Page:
Emily Dwornikiewicz, Recipient of the Young Woman of Distinction Award, Nominated by Christine Grant

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Emily is a young leader in Cambridge business. She goes above and beyond constantly challenging herself and encouraging others to do the same. She breathes entrepreneurial spirit and she is charismatic and kind. She comes to the table with solutions, always taking other opinions into consideration, never putting another person down. She speaks her mind, doesn’t hold grudges and is forgiving. She is a true example of how women, regardless of their age or background can succeed and achieve when they put their minds to something. Emily is a member of the Downtown Galt BIA, opened a second business (No Udder vegan ice cream) this year, participates as a member of the Cambridge Chamber of Commerce and is the co-owner of Modo Yoga.

 

Thank you to everyone who joined us last night. Thank you also to the Women of Distinction Planning Committee, led by Sarah Daly, which worked so hard all year to pull the spectacular night off. Thank you once again to our supporters, including our sponsors and attendees, as well as the multitude of others who helped in various ways. You are all supporting the work YWCA Cambridge does with women, girls and non-binary youth.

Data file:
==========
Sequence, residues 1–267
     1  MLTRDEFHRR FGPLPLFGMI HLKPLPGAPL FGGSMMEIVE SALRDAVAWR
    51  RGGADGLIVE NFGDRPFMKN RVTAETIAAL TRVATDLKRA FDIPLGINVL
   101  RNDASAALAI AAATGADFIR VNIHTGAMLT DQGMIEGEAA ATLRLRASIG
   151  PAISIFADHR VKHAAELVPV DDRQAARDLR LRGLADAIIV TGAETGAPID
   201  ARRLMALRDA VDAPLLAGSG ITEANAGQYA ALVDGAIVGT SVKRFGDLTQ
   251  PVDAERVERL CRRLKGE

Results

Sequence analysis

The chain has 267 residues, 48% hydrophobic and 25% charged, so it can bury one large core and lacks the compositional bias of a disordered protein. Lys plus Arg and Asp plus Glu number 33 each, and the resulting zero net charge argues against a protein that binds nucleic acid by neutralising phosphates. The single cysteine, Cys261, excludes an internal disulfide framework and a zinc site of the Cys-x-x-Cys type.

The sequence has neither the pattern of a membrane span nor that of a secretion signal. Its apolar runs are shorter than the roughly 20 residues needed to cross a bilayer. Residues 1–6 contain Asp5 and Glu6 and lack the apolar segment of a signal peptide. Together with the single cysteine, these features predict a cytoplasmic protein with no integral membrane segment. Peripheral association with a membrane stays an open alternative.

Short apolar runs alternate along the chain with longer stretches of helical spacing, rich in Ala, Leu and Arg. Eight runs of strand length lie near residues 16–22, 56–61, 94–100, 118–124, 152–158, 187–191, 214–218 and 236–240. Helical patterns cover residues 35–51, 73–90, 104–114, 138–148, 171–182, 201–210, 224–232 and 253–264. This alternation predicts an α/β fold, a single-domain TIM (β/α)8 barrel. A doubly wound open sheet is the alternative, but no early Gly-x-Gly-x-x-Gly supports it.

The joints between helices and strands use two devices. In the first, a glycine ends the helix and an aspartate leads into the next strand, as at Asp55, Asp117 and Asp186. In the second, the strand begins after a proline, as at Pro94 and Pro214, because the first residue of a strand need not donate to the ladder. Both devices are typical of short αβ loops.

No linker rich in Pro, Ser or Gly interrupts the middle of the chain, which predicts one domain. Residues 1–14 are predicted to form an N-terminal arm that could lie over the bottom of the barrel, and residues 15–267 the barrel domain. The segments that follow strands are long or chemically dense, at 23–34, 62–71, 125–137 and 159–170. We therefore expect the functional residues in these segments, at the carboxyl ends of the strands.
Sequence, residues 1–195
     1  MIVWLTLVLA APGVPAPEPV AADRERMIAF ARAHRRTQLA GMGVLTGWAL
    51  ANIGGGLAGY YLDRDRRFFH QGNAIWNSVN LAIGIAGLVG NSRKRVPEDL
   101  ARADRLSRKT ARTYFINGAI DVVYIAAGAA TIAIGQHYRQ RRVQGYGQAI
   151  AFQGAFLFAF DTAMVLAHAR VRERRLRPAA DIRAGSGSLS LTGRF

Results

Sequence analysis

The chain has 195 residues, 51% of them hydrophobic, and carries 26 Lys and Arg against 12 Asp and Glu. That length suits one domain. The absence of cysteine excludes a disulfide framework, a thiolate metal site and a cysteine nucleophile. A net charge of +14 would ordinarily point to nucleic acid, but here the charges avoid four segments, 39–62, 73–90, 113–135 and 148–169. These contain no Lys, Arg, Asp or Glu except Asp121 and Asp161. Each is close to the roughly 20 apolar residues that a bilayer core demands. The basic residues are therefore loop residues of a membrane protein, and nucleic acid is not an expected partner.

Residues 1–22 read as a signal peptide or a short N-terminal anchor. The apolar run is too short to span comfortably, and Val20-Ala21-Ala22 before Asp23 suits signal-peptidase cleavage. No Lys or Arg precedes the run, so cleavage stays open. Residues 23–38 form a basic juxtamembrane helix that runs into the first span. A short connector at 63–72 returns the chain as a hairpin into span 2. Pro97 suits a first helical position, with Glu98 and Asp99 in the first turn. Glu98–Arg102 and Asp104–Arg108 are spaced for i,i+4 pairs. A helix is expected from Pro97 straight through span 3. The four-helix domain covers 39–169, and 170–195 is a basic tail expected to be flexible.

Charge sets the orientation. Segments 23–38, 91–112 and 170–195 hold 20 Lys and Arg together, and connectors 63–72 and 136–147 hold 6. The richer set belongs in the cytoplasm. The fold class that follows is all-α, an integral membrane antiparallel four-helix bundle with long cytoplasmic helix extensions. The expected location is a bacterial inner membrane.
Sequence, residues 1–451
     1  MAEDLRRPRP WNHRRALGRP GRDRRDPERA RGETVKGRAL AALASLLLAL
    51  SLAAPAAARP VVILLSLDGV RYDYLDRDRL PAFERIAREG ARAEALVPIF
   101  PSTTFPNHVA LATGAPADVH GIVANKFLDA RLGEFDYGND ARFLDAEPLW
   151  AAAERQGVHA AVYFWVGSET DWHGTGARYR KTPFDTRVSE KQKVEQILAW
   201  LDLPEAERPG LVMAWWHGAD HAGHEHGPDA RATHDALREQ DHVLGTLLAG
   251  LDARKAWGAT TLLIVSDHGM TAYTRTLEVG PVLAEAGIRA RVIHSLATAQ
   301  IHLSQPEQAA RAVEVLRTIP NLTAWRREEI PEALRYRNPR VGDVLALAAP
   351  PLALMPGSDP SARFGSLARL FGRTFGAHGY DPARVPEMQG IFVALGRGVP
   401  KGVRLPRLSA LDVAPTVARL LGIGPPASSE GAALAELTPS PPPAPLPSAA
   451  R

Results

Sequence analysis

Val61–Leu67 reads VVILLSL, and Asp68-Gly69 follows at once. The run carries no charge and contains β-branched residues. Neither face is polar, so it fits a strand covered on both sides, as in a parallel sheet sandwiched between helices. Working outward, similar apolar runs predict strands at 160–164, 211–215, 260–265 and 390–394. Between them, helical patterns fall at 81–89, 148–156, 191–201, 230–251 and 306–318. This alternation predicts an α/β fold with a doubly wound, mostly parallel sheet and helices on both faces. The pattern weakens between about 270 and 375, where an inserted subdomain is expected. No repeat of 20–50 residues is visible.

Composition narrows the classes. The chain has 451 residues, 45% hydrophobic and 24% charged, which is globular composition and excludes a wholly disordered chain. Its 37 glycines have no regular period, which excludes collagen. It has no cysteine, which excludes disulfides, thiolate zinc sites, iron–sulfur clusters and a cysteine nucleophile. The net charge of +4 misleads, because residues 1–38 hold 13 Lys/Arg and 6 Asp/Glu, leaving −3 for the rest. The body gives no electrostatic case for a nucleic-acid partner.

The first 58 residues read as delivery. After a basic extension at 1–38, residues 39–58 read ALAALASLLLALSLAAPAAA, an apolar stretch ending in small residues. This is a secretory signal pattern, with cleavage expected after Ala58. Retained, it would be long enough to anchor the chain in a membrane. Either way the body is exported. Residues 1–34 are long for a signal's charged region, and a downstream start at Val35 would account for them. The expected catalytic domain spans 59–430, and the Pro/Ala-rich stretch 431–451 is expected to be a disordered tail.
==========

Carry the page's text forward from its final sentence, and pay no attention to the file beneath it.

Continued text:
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As a member agency of YWCA Canada, YWCA Cambridge is part of a national movement known as the country’s oldest and largest women's multi-service organization, the largest national provider of shelter, literacy, life skills, employment and counselling programs, and is the second largest provider of childcare services in Canada.